Use of Deceptive Methods in Psychological Research - Essay Sample

Paper Type:  Essay
Pages:  3
Wordcount:  625 Words
Date:  2022-11-20


Researchers are bound to collect precise and genuine information from human participants in a project or experiment. Thus, they are obliged to truthfully explain the reasons for the study in order to obtain the participant's consent voluntarily. The ethic and principles guiding all researchers require them to have participants who are willing and are well informed about the project. If this is not the case, the research or study is not approved for not adhering to the principles and compromising the consent process. This is termed as deception of the participants, where the researcher fails to provide adequate information.

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Although deception is discouraged, some cases especially when carrying out psychological research, the human participants might respond according to how they think the experiment expect them to answer. This results in less genuine information that might bring up a misleading conclusion. Therefore, such occasions require the psychologist researchers to omit some information that might alter the participants' responses (Tai, 2012). This lead to withholding important information from the subjects until the study is complete or they have fully participated. Normally, psychologist avoids compromising their study unless they are sure that the employment of deceptive techniques is justifiable and that the effects of ethical procedures are not feasible.

Thus, the Institute Review Board (IRB) ought to carefully scrutinize the proposal that involves deception. The researcher, in this case, the psychologist must provide adequate reasons why the deception is necessary for the study (Tai, 2012). Also, the researcher should provide a- provision that describes the procedures incorporated into protecting the subjects. Furthermore, the researcher should provide debriefing that explain why deception was used; this helps the subjects to manage any discomfort or distress experienced in the experiment.

For instance, a participant might be requested to complete a quiz, but they are informed of a prior false poor performance. However, the researcher intends to collect data on the confidence portrayed by these subjects and how they behave when taking the task. In another case, the investigator might want to know how background noise affects human concentration. Thus, by disclosing this information to the participants' might alter their response. Thus, the researcher has to conceal the information before the experiment to observe and have genuine information.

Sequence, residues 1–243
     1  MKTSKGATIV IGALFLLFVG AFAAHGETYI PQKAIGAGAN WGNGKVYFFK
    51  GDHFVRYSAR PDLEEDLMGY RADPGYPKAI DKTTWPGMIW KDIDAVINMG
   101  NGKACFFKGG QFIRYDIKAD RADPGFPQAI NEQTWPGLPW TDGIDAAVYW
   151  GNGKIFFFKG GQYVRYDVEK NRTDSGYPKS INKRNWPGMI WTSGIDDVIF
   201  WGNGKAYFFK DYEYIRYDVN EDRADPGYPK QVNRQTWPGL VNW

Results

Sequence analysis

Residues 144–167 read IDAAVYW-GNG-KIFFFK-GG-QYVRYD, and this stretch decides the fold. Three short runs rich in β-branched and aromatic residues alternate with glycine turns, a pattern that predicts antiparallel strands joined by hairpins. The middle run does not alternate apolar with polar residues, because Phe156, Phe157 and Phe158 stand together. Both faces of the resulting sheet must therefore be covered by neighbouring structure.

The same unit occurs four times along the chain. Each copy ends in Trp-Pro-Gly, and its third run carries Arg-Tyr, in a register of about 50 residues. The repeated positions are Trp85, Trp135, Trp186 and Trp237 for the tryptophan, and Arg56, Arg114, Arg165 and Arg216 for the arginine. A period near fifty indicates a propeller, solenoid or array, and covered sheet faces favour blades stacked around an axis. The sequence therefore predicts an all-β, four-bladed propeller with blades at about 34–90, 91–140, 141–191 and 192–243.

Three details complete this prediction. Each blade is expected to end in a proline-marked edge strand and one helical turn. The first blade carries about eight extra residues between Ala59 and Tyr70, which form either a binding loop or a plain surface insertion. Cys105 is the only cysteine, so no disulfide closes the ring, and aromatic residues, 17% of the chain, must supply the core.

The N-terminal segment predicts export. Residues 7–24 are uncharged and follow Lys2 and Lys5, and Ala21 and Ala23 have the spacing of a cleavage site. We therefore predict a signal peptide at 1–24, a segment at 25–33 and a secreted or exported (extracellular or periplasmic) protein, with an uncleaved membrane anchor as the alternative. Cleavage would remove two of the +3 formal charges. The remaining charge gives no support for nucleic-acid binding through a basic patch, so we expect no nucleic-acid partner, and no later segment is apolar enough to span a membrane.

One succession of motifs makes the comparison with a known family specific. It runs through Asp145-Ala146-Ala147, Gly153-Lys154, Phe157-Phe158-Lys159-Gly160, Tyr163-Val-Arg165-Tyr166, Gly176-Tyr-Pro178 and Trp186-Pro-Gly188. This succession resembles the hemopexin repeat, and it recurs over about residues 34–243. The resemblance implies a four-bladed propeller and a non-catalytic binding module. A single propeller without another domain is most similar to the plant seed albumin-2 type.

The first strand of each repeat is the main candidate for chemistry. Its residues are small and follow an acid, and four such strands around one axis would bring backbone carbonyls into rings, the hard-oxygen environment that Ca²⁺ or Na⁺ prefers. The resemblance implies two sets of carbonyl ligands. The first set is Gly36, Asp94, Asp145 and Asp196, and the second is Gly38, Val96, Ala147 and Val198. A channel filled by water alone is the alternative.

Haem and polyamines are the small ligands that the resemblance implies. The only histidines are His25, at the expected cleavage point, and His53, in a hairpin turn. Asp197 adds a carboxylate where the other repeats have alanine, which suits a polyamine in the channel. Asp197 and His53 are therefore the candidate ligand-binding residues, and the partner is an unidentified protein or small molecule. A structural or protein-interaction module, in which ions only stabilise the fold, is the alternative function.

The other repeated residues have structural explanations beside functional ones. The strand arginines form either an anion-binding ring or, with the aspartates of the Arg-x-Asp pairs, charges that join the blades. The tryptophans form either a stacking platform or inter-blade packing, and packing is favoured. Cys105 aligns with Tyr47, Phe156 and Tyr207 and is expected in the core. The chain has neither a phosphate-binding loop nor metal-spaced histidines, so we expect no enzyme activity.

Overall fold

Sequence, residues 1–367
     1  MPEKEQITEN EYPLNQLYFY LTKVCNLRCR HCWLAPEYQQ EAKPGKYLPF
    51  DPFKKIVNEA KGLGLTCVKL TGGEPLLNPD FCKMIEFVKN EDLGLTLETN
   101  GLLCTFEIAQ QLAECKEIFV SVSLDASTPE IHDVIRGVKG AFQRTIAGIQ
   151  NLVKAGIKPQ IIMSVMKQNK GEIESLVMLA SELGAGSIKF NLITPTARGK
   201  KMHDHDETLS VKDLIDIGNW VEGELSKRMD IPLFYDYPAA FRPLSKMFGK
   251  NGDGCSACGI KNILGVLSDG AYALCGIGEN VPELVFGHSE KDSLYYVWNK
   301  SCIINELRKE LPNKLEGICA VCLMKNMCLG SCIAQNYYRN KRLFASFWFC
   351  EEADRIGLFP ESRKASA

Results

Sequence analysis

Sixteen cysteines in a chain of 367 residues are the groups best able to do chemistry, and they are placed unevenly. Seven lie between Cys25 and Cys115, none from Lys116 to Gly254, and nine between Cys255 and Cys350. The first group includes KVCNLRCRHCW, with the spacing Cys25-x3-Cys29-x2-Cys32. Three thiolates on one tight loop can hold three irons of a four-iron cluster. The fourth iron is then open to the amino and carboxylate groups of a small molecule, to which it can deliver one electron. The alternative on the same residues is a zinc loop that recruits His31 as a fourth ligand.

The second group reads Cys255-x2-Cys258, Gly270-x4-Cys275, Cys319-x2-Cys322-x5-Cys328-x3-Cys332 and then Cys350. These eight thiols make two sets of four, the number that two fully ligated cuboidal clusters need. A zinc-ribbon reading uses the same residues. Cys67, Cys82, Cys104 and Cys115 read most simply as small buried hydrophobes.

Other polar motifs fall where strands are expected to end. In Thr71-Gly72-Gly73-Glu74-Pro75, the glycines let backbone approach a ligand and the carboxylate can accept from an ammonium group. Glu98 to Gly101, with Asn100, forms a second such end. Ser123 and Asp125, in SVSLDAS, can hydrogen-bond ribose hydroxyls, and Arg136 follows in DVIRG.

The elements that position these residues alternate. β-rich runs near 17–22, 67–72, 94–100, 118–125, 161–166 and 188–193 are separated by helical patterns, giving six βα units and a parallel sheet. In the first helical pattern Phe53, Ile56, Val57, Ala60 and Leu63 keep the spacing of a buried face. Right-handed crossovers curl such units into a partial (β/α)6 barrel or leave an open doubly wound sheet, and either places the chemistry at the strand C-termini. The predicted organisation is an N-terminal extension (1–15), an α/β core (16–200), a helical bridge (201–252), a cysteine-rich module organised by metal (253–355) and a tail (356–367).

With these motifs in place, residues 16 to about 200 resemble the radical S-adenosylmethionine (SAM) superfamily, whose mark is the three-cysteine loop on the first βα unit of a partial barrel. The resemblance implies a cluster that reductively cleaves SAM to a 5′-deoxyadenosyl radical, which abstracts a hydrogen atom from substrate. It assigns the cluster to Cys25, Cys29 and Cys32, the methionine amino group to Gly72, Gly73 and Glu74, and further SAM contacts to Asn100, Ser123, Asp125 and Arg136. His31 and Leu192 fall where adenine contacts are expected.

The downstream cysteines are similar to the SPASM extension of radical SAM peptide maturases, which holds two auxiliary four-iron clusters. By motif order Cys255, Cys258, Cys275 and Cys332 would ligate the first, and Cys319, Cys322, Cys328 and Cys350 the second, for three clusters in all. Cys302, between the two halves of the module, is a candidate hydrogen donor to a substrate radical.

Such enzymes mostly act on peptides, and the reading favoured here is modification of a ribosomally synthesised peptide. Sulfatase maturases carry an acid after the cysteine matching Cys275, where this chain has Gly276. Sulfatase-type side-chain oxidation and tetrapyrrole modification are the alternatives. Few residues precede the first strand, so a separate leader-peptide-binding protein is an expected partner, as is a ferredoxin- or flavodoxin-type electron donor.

Thus, the protocols explained for the need of deception must demonstrate the researcher objective to minimize or avoid altered response towards the study. However, it must agree and prove that the researcher is fully aware of the possible negative impacts on the participants. Additionally, the study must not show the need to use deception to invade and get private information from the participant. Also, must not seem to threaten the participants to act against their own will, destroy, or lower the participants' self-esteem through feeling embarrassed, manipulated or ashamed (Tai, 2012). Lastly, the study should not create suspicion or distrust to the subjects because of their manner of responding towards the experiment.

This ensures that the protocol explained by the researcher coincide with set principles that justify the methods and procedures to be observed when using deception. Also, it ensures that the investigator uses justifiable deception techniques that agree to the prospective scientific, educational and applied value benefits. Furthermore, the deception method must only be used when and only the non-deceptive methods are not viable or feasible.


In conclusion, the use of deceptive methods in psychological research is sometimes necessary especially when non-deceptive methods are not viable. However, these methods should be carefully reviewed to ensure that the risks involved in the participants are not harmful. Also, the researchers should not use the methods to deceive their subjects or invade their privacy.


Tai, M. C. (2012). Deception and informed consent in social, behavioral, and educational research (SBER). Tzu Chi Medical Journal, 24(4), 218-222. doi:10.1016/j.tcmj.2012.05.003

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Use of Deceptive Methods in Psychological Research - Essay Sample. (2022, Nov 20). Retrieved from

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